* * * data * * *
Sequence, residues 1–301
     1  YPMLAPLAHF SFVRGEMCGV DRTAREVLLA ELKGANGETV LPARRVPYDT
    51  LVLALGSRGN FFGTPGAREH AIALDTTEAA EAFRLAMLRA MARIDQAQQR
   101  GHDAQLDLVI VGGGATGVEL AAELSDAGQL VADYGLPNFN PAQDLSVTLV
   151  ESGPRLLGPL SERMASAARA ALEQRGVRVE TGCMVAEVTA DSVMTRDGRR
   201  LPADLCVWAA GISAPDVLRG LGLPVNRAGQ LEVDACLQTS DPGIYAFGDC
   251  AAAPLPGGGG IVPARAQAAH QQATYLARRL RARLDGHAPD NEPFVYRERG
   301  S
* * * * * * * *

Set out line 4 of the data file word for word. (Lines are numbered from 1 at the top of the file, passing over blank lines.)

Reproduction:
   101  GHDAQLDLVI VGGGATGVEL AAELSDAGQL VADYGLPNFN PAQDLSVTLV